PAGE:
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Old 11-28-2011, 03:11 PM   #1
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Default Newbie yeast question

I'm getting ready to brew batch No. 4 in a few days. So far, I've not done any "big" beers, but pretty soon I want to do one - probably a barleywine, but maybe a high abv IPA.

I've been doing some research and trying to make a plan. I want to make sure whatever yeast I use can handle all the fermentation. I understand the concept of making a starter. From everything I've read, it seems that starters are only made from liquid yeasts and not dry yeasts. I'm assuming a little bit because I've not seen it specifically spelled out. Is that right?

And if so, can a big beer be made with dry yeast? Would pitching a couple (or three?) packets worth of dry yeast be comparable to making a starter?

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Old 11-28-2011, 03:21 PM   #2
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Here is the Mr. Malty yeast calculator. you enter in the gravity and volume of your beer and it will tell you how much yeast you need to pitch. Whether you are pitching dry yeast yeast from a starter or slurry from an old batch.


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Old 11-28-2011, 03:22 PM   #3
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not sure how high abv you are talking here, but i recently bottled a 1.074 IPA. Instead of using dry yeast i used about one and a half cups of a Safale 05 yeast slurry and it took off like crazy and got down to 1.012 in about 10 days. I've used only dry yeast on everything and 05 seems to eat anything up pretty well. I made a hearty pale ale with OG of 1.065 and used one pack of 05, took care of it very nicely. Someone else with a little more ferm knowledge will chime in tho.
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Old 11-28-2011, 03:24 PM   #4
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You can use a dry yeast in a starter. The idea is to multiply the yeast, dry yeast multiply just as much as wet yeast when added to sugar. If its a big 5 gallon batch you'll want a nice big starter, I'd do a 2 liter one for most brews. You'll just want to check the stats on your yeasties and make sure they can survive the alcohol content.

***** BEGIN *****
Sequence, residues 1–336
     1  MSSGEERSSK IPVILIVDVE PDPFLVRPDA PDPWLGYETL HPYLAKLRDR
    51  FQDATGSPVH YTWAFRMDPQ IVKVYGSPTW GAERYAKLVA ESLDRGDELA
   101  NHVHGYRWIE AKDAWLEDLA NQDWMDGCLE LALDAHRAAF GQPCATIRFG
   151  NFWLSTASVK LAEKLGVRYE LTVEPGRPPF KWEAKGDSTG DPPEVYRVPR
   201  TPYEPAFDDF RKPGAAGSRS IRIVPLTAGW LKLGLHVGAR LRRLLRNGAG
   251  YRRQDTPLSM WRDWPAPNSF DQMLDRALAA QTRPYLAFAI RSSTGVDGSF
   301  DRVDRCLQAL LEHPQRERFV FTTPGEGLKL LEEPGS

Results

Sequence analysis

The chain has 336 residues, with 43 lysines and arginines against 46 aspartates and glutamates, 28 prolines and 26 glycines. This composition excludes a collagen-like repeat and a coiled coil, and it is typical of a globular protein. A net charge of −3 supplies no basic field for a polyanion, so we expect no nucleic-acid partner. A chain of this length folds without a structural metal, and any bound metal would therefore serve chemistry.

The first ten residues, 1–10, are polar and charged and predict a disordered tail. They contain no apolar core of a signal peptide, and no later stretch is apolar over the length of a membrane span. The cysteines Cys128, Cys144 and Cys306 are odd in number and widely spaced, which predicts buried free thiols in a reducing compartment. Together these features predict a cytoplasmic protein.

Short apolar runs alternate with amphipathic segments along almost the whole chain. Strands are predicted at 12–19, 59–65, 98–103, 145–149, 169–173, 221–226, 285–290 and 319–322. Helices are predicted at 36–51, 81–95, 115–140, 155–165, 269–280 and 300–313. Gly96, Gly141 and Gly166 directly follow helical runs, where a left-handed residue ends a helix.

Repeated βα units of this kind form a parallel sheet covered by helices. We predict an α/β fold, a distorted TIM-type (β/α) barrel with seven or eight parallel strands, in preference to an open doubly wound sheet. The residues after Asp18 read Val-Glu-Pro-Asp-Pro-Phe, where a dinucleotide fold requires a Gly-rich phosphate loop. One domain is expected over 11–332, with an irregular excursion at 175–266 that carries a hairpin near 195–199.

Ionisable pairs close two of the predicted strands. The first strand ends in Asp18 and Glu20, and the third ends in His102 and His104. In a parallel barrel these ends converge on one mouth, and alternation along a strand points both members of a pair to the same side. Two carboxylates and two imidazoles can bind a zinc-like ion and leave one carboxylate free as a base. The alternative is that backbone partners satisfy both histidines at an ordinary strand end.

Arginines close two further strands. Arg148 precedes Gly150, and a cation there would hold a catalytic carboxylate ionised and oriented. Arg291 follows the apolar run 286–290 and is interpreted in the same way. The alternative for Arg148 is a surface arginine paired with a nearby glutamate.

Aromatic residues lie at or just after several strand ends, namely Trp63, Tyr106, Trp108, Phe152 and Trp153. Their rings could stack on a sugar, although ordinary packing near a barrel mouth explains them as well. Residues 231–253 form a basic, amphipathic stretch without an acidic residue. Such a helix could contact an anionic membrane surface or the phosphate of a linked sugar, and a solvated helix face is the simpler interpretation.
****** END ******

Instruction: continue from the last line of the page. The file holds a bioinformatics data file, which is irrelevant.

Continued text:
Edit: A half cup of slurry is a bunch of yeast, probably equivalent to like a 1L starter, imo close enough for that gravity. I do starters for ever beer above 1.050. 05 is a BEAST though, swear if you put your hand in during fermentation it'll eat it too.
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Old 11-28-2011, 03:31 PM   #5
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US 05 has a 12% tollerance. There are a couple ways to use it at that high a level, I have only ever used one. I make a light colored ale...usally an IPA and then pitch my big beer wort directly on to the cake from the first batch. Make sure that you areate (sp?) very well. I have never had problems with very active fermentation starting in 6 or so hours and active fermentation being completed in about 10 days. The second way is to use two packets of yeast...or at least I have heard others talk about doing it that way. As usual with dry, hydrate but don't make a starter. As noted I have never done it that way but have talked with folks that have and have had good success.

I think Thundercouger has proposed a good third alternative, if you want to build up in a starter, the important part would be to build a larger starter....2L sounds good to me but you could gety a more exact answer from Mr Malty. If I reuse yeast from the cake I pull a cup out of the "middle" of the trub that way I feel like I have a good half cup...as has been suggested. Again if I am brewing a "big" beer I just use the cake itself and start with a light beer

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